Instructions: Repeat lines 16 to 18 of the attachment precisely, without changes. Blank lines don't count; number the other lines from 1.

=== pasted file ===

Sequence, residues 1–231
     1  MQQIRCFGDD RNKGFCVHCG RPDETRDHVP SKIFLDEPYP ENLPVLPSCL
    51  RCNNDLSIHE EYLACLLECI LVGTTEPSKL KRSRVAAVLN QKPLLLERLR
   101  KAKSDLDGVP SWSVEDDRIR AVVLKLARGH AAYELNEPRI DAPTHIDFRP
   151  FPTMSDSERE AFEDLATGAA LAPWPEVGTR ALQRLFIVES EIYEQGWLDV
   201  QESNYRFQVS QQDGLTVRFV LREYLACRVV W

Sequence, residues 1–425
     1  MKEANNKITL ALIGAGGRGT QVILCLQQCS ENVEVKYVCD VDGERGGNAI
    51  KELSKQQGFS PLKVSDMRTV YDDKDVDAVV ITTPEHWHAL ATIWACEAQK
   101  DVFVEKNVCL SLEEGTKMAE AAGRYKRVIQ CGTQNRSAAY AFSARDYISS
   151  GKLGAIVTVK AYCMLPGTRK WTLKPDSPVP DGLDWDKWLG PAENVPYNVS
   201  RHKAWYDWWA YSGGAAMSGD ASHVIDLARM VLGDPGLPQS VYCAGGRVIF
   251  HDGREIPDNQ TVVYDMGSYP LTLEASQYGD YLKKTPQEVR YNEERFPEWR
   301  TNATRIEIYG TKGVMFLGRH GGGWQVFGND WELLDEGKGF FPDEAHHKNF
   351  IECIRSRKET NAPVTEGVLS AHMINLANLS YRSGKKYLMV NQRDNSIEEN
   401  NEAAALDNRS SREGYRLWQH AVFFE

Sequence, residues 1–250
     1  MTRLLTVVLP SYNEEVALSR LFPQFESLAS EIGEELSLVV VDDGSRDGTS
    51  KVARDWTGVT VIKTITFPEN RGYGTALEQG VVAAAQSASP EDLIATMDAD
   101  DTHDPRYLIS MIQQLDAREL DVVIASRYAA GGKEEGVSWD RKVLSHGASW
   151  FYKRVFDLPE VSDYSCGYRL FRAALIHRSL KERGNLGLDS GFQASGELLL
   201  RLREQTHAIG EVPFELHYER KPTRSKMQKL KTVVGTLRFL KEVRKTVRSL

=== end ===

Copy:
   401  NEAAALDNRS SREGYRLWQH AVFFE

Sequence, residues 1–250
     1  MTRLLTVVLP SYNEEVALSR LFPQFESLAS EIGEELSLVV VDDGSRDGTS